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CNBC Transcript: Exclusive interview with Yves Mersch, Board Member, European Central Bank at the Ambrosetti Workshop

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Following are excerpts from an exclusive CNBC interview with JuliaChatterley and Yves Mersch, Board Member, EuropeanCentral Bank.

JC: So thank you so much for joining us. Mario Draghi said at the lastmeeting that he believed the ECB believed that they were done as far as furtherdeposit rate cuts are concerned. Is that still the view of the ECB?

YM: Well you know that the President of the ECB is also the spokesman ofthe Governing Council which is the highest decision making body of the ECB sohe faithfully reflects the discussion that takes place in the GoverningCouncil. Now let me also add that he said we are done unless something newdevelopments would occur and would justify new reaction function to it.

JC: But as faras you’re concerned, no new events have arrived that would suggest that ratesneed to be taken lower?

YM: I do not say that we would in case there would be new external shocksautomatically revert to one instrument over the other instrument – ourinstrument toolbox is quite large. So what I would say is that we would have tolook at the nature of the external shock and then try so see how we canrecalibrate our answer, our response function to this nature of the shock. Letme add that, since then, there is one element which has, I would say, to someextent negatively surprised us and that is the foreign exchange market.

JC: So in that vein, the discussion we heard in the last 24 hours from thelikes of Peter Praet, Vitor Constancio about the ability to further lowerdeposit rates. Is that in response to the negative result you talk about in theforeign exchange market.

YM: No, I think you should stick to what the president has said during hispress conference and he has said that we are quite aware of the complexity ofthis instrument which might also be -- I mean the negative interest territory-- as instrument where we are aware of negative consequences and where we arealso aware that the future use of this instrument might lead to nonlinearitieswhich might even amplify negative consequences. It is not only a question tolook at these instruments from an econometric model point of view - becausethey are not linear. I think one should not leave out of sight behaviouralattitudes in the public and you have seen that the public might even considerthat further cuts would announce further doom down the road and therefore mighteven have a totally different attitude, not being spurred to dis-invest ordis-save and start consuming and investing, but it might even save more. So Ithink it is a discussion that we’ll have to see in the future how we use theseinstruments very carefully.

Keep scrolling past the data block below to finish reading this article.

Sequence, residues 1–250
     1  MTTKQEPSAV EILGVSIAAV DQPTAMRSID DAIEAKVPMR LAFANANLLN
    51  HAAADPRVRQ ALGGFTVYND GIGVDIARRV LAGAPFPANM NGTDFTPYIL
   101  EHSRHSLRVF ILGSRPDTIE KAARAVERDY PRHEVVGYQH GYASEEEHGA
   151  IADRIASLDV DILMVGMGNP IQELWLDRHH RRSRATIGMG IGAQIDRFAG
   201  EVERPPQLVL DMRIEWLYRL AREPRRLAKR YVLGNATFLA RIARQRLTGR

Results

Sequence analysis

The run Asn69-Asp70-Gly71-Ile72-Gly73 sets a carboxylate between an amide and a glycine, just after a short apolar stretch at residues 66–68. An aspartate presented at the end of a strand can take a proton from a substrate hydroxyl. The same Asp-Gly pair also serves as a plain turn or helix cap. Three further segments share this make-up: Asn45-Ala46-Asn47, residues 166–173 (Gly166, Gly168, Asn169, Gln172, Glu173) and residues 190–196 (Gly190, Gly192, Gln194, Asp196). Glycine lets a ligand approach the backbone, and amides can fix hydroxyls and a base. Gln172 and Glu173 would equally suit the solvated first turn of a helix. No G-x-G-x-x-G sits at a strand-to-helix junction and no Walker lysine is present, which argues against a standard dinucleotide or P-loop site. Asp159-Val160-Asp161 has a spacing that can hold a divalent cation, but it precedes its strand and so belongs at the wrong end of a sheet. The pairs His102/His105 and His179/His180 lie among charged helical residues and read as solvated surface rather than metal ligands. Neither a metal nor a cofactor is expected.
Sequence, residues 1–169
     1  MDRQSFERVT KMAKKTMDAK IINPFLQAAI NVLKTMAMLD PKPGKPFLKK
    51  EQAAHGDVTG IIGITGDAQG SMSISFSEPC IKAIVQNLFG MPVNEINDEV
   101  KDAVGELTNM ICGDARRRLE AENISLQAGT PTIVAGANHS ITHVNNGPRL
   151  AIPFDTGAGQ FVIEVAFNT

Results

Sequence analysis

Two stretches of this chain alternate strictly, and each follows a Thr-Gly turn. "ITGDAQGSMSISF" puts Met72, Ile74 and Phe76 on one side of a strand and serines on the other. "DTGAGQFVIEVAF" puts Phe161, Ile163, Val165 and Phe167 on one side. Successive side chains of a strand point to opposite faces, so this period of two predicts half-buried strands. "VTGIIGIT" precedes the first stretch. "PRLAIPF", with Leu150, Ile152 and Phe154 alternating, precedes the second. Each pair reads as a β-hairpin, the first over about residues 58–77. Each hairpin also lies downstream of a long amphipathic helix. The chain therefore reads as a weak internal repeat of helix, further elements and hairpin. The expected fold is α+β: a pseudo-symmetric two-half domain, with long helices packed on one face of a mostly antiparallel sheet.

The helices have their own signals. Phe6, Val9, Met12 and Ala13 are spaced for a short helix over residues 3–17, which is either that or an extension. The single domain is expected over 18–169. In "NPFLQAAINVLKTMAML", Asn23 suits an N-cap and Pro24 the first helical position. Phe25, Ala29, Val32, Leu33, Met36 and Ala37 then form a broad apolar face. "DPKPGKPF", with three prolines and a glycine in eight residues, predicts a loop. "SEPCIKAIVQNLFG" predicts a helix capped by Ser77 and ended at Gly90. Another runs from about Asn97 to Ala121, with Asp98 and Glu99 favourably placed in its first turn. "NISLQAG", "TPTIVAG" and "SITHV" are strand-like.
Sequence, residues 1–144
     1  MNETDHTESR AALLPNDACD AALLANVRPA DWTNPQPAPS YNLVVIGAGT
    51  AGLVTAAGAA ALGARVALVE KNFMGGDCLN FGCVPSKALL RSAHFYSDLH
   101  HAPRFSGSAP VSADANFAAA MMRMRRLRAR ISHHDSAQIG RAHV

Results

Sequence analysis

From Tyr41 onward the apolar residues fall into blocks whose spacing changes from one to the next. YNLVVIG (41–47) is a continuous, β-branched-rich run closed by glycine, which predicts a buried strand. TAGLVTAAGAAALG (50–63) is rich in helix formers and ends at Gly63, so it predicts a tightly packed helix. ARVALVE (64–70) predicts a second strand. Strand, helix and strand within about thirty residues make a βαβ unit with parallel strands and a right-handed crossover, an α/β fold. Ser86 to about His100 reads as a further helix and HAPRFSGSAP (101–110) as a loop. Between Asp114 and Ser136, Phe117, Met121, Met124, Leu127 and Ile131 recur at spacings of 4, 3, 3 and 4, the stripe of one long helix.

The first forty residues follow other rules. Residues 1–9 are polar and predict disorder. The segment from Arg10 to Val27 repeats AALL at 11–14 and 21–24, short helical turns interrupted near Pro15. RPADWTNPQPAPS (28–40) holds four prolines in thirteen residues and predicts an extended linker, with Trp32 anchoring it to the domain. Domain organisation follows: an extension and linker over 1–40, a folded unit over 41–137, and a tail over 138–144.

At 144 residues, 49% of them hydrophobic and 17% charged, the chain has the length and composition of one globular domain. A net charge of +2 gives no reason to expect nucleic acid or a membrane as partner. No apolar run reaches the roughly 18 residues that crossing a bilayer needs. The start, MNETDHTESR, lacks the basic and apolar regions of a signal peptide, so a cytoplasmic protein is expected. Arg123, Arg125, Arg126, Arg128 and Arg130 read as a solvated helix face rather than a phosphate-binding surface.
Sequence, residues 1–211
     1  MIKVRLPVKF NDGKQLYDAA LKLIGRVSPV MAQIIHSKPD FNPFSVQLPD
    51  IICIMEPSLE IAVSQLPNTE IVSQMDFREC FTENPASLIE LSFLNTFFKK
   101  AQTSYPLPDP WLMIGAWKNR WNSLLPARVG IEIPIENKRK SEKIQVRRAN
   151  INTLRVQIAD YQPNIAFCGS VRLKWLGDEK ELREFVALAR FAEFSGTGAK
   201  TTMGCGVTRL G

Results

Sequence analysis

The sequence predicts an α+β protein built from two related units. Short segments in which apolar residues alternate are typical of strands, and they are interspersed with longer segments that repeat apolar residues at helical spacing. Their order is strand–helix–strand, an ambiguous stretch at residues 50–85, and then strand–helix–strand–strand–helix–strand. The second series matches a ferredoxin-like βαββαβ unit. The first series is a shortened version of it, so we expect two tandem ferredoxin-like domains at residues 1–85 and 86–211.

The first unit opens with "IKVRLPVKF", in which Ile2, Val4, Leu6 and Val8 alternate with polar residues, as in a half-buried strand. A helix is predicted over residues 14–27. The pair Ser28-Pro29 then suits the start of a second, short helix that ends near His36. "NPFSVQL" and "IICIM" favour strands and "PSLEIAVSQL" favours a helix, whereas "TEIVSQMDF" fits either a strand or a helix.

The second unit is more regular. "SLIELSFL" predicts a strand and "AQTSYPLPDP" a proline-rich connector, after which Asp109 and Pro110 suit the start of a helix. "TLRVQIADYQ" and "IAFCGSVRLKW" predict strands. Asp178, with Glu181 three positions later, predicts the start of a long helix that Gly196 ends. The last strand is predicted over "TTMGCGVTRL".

YC: So for all the concerns you have raised there about the use ofnegative deposit rates, again the discussion seems to be focussing on theprospect of using them in the future if necessary. Is the ECB targeting aweaker Euro?

YM: No, but we are targeting that everyone should be living up to thepromises how the international monetary system is being run. And the means thatthere should not be, I would say, competitive devaluations. There should not bebegger-thy-neighbour policies. And the areas which have already more, moreon the safer side as what concerns both growth and inflation, should not try totalk down their currency, vis a vis the currencies in the areas where such asituation is not that dire.

JC: You’re combatting a weaker dollar?

YM: Next week we have the meetings in Washington and I very much hope thereis a strong reconfirmation on the way we are running this internationalmonetary system.

JC: You’re concerned about the Yen as well?

YM: The Japanese economy is in a situation that is much closer to theEuropean situation than other jurisdictions

JC: So when you are setting monetary policy, you acknowledge that this isa factor that you have to consider – the concerns you have about competitivedevaluations, however they come about.

YM: We have always said that the exchange rate is a factor for inflationand its a factor for growth. Our inflation rate has been positive and throughrecent developments we have now gone down to zero inflation rate. So thereserve buffer in the European context is not very large.

JC: Do you think that the Europeans are suffering as a result of thestronger Euro in an environment where, as you quite rightly point out, othercountries are having a downward impact on their currency?

YM: I do not want to over emphasis the role of the exchange rate. It’s notthe target objective of the central bank of our monetary policy. I only want tosay that we have been careful when we modelled our package to really try tofocus it on the internal side of the economy. And therefore also in our publicstatements, we are careful to remain faithful to the international agreementsthat exchange rates should reflect fundamentals.